A BODY LOOKING OVER THE EDGE, BY CHRISTEN NOEL KAUFFMAN
When we drive to the Grand Canyon, you don’t want to hear
how it was formed, the science of 5 million years of the same thing,
a river of persistent belief. The Arizona desert gives way
to the Colorado as you name my demons like road signs,
and I wish to be the rattle snake, a mouth that requires warning,
but this time you call me little sound, barely even a brushfire.
Sometimes I think I’m the rock instead of the river, that my body
is eroding in the constant friction of desire and falling limbs:
tell me when I’m getting too close. Or maybe I’m the daughter
of the river and the rock, somewhere between trapped and tearing
it all apart. I can see how this makes you afraid to turn me loose.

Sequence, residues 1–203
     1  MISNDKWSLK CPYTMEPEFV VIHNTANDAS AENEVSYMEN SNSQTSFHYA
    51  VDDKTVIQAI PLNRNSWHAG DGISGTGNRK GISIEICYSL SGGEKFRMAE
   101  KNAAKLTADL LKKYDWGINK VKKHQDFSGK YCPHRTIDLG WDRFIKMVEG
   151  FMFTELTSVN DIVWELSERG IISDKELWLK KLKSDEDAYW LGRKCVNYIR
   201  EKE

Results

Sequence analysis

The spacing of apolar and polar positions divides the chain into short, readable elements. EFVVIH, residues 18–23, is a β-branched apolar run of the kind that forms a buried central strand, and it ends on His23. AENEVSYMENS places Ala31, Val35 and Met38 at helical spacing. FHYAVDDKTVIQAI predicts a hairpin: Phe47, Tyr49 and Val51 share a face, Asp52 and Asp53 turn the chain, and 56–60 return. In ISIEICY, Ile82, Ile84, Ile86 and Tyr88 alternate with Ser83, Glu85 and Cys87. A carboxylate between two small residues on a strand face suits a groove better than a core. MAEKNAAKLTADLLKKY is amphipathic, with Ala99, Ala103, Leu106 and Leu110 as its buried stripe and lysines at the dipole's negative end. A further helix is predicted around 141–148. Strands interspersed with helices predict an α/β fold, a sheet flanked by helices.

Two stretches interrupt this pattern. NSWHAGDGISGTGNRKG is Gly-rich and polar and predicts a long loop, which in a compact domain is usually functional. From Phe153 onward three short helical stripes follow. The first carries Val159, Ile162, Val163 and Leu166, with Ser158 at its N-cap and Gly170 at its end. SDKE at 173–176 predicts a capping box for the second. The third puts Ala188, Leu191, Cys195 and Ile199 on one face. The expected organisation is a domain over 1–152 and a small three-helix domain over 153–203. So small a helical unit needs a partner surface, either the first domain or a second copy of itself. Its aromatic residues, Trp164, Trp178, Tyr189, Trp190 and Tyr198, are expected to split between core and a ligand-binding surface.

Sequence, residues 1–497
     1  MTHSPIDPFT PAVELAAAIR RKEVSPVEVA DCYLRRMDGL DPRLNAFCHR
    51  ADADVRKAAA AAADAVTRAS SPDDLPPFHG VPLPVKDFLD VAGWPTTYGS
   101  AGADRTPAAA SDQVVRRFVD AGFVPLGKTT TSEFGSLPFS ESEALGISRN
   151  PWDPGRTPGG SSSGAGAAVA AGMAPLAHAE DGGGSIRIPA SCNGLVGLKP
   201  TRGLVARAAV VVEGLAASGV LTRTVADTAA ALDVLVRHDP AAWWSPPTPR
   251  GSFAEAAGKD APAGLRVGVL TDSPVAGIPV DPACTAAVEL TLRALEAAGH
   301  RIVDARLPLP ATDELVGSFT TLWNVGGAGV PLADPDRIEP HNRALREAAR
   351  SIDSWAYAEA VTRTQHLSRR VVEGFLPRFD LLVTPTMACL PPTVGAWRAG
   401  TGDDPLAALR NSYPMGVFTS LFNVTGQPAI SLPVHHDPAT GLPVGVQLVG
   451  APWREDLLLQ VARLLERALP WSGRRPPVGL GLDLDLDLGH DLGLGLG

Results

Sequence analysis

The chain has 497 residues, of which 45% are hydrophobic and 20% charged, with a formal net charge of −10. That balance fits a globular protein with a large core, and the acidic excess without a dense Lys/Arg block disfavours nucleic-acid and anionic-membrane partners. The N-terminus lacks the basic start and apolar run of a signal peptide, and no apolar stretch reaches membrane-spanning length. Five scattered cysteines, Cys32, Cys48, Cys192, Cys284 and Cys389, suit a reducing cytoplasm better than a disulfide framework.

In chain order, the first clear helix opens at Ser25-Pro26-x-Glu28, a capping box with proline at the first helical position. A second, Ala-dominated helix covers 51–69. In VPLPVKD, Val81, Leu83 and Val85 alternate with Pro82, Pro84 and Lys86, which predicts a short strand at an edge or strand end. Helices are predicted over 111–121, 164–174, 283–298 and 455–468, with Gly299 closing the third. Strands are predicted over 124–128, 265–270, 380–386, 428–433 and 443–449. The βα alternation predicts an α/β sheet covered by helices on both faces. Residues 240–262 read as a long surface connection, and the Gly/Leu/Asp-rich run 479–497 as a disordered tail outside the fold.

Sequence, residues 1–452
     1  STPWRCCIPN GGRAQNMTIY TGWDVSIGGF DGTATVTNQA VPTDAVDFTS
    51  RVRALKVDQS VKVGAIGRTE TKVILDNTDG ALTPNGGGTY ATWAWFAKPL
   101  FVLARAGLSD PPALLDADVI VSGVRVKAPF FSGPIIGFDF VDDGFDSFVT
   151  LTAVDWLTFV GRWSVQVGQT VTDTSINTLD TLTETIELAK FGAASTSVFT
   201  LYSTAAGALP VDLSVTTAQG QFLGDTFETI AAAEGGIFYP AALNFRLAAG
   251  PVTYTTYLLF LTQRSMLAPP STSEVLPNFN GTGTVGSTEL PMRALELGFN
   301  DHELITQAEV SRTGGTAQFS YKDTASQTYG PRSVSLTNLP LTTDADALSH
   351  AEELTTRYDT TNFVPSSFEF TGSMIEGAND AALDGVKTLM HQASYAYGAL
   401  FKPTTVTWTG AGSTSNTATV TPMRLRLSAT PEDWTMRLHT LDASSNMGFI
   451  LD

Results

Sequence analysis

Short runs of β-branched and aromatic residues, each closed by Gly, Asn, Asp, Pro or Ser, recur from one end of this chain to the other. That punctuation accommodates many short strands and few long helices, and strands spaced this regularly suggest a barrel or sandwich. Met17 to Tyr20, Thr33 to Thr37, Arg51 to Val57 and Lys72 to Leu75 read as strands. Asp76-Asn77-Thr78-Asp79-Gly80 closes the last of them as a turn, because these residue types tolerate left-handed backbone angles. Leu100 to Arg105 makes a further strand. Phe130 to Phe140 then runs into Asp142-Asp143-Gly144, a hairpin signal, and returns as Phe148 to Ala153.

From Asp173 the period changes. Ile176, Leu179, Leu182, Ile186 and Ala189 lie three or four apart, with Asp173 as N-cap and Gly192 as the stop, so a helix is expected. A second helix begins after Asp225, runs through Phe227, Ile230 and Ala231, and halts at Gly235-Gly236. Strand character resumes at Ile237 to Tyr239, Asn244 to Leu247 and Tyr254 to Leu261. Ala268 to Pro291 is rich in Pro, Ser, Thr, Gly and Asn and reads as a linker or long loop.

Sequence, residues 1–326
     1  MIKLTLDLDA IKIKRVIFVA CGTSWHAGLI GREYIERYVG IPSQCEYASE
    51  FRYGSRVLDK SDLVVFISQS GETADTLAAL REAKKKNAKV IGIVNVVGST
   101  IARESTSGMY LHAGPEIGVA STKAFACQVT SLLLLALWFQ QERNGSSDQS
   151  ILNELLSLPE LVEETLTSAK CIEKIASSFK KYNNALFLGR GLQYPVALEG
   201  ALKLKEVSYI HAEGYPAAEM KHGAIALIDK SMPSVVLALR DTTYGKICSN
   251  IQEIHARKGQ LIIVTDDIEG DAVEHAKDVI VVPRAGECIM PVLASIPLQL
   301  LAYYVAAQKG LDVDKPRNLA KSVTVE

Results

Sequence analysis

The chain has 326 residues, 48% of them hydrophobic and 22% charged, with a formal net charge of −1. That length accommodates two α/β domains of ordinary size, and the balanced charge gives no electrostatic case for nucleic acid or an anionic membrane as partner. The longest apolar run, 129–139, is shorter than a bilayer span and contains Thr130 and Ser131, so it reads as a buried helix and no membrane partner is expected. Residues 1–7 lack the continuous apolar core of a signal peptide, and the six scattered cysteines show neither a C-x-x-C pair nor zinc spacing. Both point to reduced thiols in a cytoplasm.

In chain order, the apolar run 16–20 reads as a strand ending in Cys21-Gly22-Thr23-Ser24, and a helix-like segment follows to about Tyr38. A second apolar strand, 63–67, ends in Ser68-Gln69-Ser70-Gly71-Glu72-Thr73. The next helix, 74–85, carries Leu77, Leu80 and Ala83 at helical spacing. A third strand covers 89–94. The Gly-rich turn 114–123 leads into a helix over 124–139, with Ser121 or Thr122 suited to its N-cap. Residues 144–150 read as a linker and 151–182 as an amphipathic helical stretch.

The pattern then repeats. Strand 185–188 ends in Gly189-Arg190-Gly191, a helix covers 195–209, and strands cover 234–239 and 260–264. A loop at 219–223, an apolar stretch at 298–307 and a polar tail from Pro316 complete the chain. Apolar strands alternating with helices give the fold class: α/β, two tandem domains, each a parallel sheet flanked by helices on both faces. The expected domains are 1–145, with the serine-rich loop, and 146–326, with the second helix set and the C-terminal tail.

When you tell me about The Flood and the ones left behind,
what I hear is my head under water, the backs of blue whales
and the way it must feel to know the earth is mine.
The rock is mine and the river is mine and this body left to drown
in the torrent is mine, and what a gift that would be in the end.
Now, when I read about formation, I want you to hear me say
2 billion years, the collision of tectonic plates, a slow volcanic merge.
I want you to know I believe in the river, the way it cuts rock over time
and I am none of these things. Just a body looking over the edge.
Christen Noel Kauffman lives in Richmond, Indiana with her husband and two daughters. Her work can be found in Tupelo Quarterly, The Cincinnati Review, Willow Springs, DIAGRAM, Booth, Smokelong Quarterly, and The Normal School, among others.